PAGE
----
As a reporter familiar with the Arab communities of the USA, I doubt the faithful fork out all that money for mega mosques, and if they did, the mayor’s office should prove it, not merely accept someone’s say so. It is an established fact that a significant percentage of the mosques built in the USA in the past two decades are receiving a disproportionate amount of their funds not only from the Saudis, but also the UAE, Qatar and Iran — all problematic Islamists activist nations. The government just discontinued work on a major Iranian-funded mosque and center in New York City, which had operated under the radar since the days of the good old Shah of Iran under the auspices of the Pahlavi Foundation, and has been owned since 1979 by the Mullahs of Iran.
The context here is that 15 of the 19 perpetrators of the attacks — on the very site where this new mosque shall rise — came from Saudi Arabia.
We saw how, in the case of Major Nidal Hasan of Ft. Hood, it turned out that three of the original participants in 9/11 had listened to the same preacher Major Hasan listened to: a man with a radical violent Islamic website now operating out of Yemen to radicalize American Muslims. In such a context,knowing more about the Imam overseeing a potential multimillion mosque at the World Trade Center site is essential to the story. Nearly 3,000 people were deliberately killed there – and the New York Times is papering over what is about to be built on the site in a nice, beatific pseudo-profile of the Imam overseeing the mosque? Limiting access to this Imam to some nice quotes, showing him nattily dressed in a suit, and describing him merely as a Sufi, is vacuous, crafted and couched in public relations spin to obscure rather than explain. ‘’What happened that day was not Islam’’ is all that the Times quotes the Imam saying — a rather lame comment given the enormity of his ambition and the iconic status of where he wants to put his mosque.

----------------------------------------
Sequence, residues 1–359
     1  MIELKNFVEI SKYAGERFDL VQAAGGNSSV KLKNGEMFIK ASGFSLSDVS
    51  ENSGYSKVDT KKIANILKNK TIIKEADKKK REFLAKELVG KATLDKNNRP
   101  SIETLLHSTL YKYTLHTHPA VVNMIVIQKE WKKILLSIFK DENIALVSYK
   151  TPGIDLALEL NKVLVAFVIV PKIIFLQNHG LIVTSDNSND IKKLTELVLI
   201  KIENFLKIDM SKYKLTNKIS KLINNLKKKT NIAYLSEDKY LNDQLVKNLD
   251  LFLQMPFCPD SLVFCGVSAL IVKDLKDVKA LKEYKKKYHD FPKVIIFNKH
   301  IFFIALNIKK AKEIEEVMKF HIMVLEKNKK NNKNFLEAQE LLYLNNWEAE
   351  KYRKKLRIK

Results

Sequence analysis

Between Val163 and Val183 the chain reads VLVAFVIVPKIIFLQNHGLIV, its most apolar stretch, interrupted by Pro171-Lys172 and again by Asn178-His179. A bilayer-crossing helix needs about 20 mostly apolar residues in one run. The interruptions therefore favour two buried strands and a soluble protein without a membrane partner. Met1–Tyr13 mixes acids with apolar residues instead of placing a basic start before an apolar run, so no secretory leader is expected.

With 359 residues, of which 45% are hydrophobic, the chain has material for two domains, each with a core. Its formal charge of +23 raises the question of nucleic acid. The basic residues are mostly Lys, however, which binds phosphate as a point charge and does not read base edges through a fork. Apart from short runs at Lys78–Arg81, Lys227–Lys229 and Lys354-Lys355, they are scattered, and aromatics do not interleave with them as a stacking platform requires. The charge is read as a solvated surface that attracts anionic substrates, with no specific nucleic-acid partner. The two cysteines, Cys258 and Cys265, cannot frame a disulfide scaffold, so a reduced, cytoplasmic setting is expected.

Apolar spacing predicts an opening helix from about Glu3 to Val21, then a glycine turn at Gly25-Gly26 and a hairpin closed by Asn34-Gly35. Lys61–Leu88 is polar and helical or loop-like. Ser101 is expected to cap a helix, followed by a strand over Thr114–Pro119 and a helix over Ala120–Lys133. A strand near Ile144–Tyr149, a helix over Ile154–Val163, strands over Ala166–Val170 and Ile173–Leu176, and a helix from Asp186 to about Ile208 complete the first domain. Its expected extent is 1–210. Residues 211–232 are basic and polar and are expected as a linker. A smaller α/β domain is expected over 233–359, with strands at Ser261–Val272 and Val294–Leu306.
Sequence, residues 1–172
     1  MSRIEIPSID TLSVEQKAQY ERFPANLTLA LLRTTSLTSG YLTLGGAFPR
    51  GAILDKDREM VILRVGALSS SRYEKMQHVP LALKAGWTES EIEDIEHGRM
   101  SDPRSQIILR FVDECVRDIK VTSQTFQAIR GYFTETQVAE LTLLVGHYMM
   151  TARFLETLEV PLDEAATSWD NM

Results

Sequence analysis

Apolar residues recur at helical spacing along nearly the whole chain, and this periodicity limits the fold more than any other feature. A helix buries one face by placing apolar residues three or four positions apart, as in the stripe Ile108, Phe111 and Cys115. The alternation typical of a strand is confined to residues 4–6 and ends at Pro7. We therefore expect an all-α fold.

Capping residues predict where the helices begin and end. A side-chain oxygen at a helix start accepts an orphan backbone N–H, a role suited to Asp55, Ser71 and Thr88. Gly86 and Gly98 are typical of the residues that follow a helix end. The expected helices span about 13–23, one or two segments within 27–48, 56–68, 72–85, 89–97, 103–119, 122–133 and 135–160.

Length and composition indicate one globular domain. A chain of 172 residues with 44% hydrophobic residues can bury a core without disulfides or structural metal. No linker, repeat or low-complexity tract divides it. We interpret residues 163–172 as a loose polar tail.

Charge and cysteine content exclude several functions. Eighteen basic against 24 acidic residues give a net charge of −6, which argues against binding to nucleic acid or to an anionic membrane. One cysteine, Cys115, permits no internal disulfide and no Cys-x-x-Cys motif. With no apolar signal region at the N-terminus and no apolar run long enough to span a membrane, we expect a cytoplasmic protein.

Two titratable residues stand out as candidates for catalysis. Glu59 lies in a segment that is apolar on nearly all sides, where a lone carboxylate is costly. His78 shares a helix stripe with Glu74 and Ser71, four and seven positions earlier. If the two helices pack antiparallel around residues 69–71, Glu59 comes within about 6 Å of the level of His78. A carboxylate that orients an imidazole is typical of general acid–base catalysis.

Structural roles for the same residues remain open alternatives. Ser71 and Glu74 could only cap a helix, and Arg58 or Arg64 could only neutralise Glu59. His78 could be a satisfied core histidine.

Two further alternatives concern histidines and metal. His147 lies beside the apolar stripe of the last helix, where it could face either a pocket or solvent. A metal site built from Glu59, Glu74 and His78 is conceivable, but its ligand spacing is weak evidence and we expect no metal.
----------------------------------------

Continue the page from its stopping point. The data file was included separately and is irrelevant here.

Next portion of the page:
The mayor’s office should tell us more.
Just as importantly, who Is Imam Feisal Abdul Rauf ? And what is his background? Given that much Islamist radicalism originated in mosques at the hands of imams in virtually all the terrorist attacks in America and Europe — as we found over and over again – the omission of this information is a glaring mishap.
All we get learn about the Imam in the Times story about him is some anodyne, rather anemic, focus on a man of peace. No real searching. Mayor Bloomberg’s folks need to tell us what are the Imam’s origins, where he was schooled, whether he is an immigrant, a visitor, of which country is he a citizen, and what is his philosophy, among other relevant questions.
Merely describing the man as a Sufi ‘’who follows a path of Islam focused more on spiritual wisdom than on strict ritual,’’ is far too little . After every terrorist atrocity, any number of Sufi and Muslims savants ritually come out with the hackneyed saying: ‘’Islam is a religion of peace and brotherhood.’’ Accumulated as they are, these statements are added a heap of nothing for those tens of thousands of Muslims killed by other Muslims in suicide and other bombings from Pakistan to Iraq every day.
One would hope for a follow-up story or stories, and that New York City and its citizens at least ask harder questions, rather than submit to being mislead in the interest of political correctness.
(don’t hold your breath)